Chapman, C. Stuart 1970(?)-
CHAPMAN, C. Stuart 1970(?)-
Born c. 1970. Education: Rhodes College, B.A., 1991; University of Georgia, M.A., 1994; Boston College, Ph.D. (English), 2002.
Agent—c/o University Press of Mississippi, 3825 Ridgewood Road, Jackson, MS 39211-6492.
Journalist, advisor, and author. Clarksdale Press-Register, Clarksdale, MS, reporter; press secretary for Congresswoman Barbara Lee; Massachusetts State House, aide.
Shelby Foote: A Writer's Life, University Press of Mississippi (Jackson, MS), 2003.
Contributor to periodicals, including Clarksdale Press-Register, Jamaica Plain Gazette, Memphis Business Journal, Memphis Commercial Appeal, and Modern Fiction Studies.
C. Stuart Chapman's book Shelby Foote: A Writer's Life is an adaptation is based on Chapman's doctoral dissertation while at Boston College. In this work Chapman reveals the details of Foote's life as a southern gentleman, writer, and historian of the U.S. Civil War. He gives an intimate account of Foote's attempts to come to terms with the changing South and his place within it.
Chapman frequently corresponded with Foote while writing his book. However, some critics maintained that Chapman relies too heavily on his own deductions regarding Foote's character. "Chapman is a diligent and perceptive biographer, but he nods more than once, and his book is flawed by historical misperceptions, errors and misdatings," explained Edwin M. Yoder in the Washington Post. The critic went on to note: "It would also have been a better book if Chapman stepped down from the pulpit from which he feels a nagging duty to lecture 'white southerners' on their sins and defects." Other reviewers bemoaned the lack of personal information in the book. However, in the New York Times, reviewer Sherie Posesorski described Shelby Foote as "brisk" and "colorful" and praised the book for providing readers with a "a frank, full-bodied portrait of the man and an agile examination of Foote's development as a writer."
BIOGRAPHICAL AND CRITICAL SOURCES:
Charleston Post and Courier, May 18, 2003, Rosemary Michaud, "Foote Knows the Facts, Can Tell a Good Story."
Library Journal, February 15, 2003, Henry L. Carrigan, review of Shelby Foote: A Writer's Life, p. 138.
National Review, June 30, 2003, Michael Potemra, "Laughter and Remembering."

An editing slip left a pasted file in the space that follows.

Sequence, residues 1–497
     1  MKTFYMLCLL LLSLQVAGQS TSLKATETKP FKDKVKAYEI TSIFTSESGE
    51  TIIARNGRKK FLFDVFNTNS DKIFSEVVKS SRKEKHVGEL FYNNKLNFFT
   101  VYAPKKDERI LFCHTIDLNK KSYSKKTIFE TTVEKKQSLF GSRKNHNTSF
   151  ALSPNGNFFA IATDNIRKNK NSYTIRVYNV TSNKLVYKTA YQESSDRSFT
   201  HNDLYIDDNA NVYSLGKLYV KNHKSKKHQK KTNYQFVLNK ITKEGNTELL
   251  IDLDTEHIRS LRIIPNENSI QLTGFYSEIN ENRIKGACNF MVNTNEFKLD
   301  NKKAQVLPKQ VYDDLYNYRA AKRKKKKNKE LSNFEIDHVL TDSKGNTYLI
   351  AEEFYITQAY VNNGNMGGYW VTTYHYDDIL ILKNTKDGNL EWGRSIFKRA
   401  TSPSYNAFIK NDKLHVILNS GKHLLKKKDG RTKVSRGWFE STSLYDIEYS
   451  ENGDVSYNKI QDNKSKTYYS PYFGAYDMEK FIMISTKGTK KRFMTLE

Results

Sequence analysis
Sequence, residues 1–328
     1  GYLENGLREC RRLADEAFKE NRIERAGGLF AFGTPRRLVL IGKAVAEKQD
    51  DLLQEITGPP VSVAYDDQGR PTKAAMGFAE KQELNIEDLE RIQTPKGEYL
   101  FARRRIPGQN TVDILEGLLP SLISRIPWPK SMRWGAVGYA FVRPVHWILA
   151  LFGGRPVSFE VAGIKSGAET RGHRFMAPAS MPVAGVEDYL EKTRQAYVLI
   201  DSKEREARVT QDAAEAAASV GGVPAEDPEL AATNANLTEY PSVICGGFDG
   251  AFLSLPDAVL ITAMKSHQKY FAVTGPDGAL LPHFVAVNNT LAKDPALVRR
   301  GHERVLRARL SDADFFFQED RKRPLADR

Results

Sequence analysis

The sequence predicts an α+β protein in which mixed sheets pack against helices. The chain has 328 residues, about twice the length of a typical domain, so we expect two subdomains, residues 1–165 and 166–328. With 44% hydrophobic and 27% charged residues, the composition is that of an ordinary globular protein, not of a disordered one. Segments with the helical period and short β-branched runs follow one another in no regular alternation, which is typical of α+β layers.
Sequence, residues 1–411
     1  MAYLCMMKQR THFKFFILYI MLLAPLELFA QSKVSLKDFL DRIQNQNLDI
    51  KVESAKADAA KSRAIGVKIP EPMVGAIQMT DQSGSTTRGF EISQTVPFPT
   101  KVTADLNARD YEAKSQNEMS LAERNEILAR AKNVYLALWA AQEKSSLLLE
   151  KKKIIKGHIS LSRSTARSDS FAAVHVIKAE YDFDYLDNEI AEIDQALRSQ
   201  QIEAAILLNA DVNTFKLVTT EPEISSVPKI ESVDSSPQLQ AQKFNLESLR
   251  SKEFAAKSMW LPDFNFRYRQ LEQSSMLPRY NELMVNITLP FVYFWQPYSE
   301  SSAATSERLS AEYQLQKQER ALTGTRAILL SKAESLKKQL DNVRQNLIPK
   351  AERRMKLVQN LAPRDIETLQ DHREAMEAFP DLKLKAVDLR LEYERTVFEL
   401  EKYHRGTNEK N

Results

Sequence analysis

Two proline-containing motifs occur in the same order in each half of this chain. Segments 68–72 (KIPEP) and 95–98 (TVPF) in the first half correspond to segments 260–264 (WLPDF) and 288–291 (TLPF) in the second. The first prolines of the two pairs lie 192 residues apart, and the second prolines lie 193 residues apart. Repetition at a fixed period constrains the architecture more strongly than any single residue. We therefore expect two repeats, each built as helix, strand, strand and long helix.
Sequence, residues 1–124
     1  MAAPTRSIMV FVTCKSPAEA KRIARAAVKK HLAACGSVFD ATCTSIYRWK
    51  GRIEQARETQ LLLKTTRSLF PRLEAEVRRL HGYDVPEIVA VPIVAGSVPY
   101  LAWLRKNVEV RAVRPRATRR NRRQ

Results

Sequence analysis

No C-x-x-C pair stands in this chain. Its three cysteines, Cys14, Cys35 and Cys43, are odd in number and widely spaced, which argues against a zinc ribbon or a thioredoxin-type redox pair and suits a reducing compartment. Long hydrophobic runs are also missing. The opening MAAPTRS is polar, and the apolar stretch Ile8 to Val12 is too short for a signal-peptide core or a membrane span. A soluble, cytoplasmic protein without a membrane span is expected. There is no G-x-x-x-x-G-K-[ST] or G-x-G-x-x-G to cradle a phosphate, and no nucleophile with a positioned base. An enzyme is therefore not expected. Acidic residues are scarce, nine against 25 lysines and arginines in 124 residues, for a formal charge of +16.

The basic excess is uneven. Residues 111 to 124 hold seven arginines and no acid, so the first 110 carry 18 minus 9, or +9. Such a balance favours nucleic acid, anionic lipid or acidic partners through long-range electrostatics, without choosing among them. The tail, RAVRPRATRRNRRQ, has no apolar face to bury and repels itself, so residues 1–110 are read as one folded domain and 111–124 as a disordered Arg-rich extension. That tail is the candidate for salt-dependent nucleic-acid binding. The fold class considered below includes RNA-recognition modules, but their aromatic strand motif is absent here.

New York Times, April 27, 2003, Sherie Posesorski, review of Shelby Foote.
Washington Post, April 27, 2003, Edwin M. Yoder, Jr., review of Shelby Foote.
Charlotte Observer online,http://www.bayarea.com/ (June 16, 2003), Henry L. Carrigan, Jr., "Foote Saw Darkness before Limelight."
Memphis Magazine online,http://www.memphismagazine.com/ (June 16, 2003), Leonard Gill, "Foote First: The Last of the Southern Gentlemen? A Biography of Shelby Foote."
University Press of Mississippi Web site,http://www.upress.state.ms.us/ (November 15, 2003).*
"Chapman, C. Stuart 1970(?)-." Contemporary Authors. . Encyclopedia.com. (November 16, 2018). https://www.encyclopedia.com/arts/educational-magazines/chapman-c-stuart-1970
"Chapman, C. Stuart 1970(?)-." Contemporary Authors. . Retrieved November 16, 2018 from Encyclopedia.com: https://www.encyclopedia.com/arts/educational-magazines/chapman-c-stuart-1970
Encyclopedia.com gives you the ability to cite reference entries and articles according to common styles from the Modern Language Association (MLA), The Chicago Manual of Style, and the American Psychological Association (APA).
Within the “Cite this article” tool, pick a style to see how all available information looks when formatted according to that style. Then, copy and paste the text into your bibliography or works cited list.
Because each style has its own formatting nuances that evolve over time and not all information is available for every reference entry or article, Encyclopedia.com cannot guarantee each citation it generates. Therefore, it’s best to use Encyclopedia.com citations as a starting point before checking the style against your school or publication’s requirements and the most-recent information available at these sites:
Modern Language Association
The Chicago Manual of Style
American Psychological Association
- Most online reference entries and articles do not have page numbers. Therefore, that information is unavailable for most Encyclopedia.com content. However, the date of retrieval is often important. Refer to each style’s convention regarding the best way to format page numbers and retrieval dates.
- In addition to the MLA, Chicago, and APA styles, your school, university, publication, or institution may have its own requirements for citations. Therefore, be sure to refer to those guidelines when editing your bibliography or works cited list.